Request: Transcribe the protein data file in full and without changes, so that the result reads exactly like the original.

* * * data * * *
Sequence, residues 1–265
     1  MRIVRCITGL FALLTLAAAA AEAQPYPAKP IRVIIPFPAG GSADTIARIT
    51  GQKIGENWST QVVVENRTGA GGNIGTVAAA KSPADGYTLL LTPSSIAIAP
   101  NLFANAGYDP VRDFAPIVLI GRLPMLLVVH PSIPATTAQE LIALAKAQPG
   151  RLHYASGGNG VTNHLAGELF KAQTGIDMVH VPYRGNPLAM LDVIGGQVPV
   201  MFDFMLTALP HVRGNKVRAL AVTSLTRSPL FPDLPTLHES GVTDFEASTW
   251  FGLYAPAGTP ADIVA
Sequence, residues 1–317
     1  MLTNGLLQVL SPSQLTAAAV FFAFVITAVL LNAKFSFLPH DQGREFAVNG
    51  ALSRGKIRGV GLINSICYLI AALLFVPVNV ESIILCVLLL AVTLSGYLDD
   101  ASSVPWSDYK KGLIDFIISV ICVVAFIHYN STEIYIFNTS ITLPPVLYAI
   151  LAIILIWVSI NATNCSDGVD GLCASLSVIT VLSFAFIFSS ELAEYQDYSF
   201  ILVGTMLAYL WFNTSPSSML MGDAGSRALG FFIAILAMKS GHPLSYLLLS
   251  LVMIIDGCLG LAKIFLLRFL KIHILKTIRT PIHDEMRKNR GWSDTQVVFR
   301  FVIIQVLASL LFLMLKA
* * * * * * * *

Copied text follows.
Sequence, residues 1–265
     1  MRIVRCITGL FALLTLAAAA AEAQPYPAKP IRVIIPFPAG GSADTIARIT
    51  GQKIGENWST QVVVENRTGA GGNIGTVAAA KSPADGYTLL LTPSSIAIAP
   101  NLFANAGYDP VRDFAPIVLI GRLPMLLVVH PSIPATTAQE LIALAKAQPG
   151  RLHYASGGNG VTNHLAGELF KAQTGIDMVH VPYRGNPLAM LDVIGGQVPV
   201  MFDFMLTALP HVRGNKVRAL AVTSLTRSPL FPDLPTLHES GVTDFEASTW
   251  FGLYAPAGTP ADIVA
Sequence, residues 1–317
     1  MLTNGLLQVL SPSQLTAAAV FFAFVITAVL LNAKFSFLPH DQGREFAVNG
    51  ALSRGKIRGV GLINSICYLI AALLFVPVNV ESIILCVLLL AVTLSGYLDD
   101  ASSVPWSDYK KGLIDFIISV ICVVAFIHYN STEIYIFNTS ITLPPVLYAI
   151  LAIILIWVSI NATNCSDGVD GLCASLSVIT VLSFAFIFSS ELAEYQDYSF
   201  ILVGTMLAYL WFNTSPSSML MGDAGSRALG FFIAILAMKS GHPLSYLLLS
   251  LVMIIDGCLG LAKIFLLRFL KIHILKTIRT PIHDEMRKNR GWSDTQVVFR
   301  FVIIQVLASL LFLMLKA